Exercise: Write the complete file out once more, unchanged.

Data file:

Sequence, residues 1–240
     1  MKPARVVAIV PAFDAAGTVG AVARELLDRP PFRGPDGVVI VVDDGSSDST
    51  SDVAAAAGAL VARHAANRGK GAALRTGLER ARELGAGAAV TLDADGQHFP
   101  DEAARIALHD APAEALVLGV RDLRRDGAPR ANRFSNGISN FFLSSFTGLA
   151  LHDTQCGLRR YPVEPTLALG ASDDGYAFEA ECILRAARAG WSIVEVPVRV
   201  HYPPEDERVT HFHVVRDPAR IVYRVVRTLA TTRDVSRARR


Sequence, residues 1–240
     1  MKPARVVAIV PAFDAAGTVG AVARELLDRP PFRGPDGVVI VVDDGSSDST
    51  SDVAAAAGAL VARHAANRGK GAALRTGLER ARELGAGAAV TLDADGQHFP
   101  DEAARIALHD APAEALVLGV RDLRRDGAPR ANRFSNGISN FFLSSFTGLA
   151  LHDTQCGLRR YPVEPTLALG ASDDGYAFEA ECILRAARAG WSIVEVPVRV
   201  HYPPEDERVT HFHVVRDPAR IVYRVVRTLA TTRDVSRARR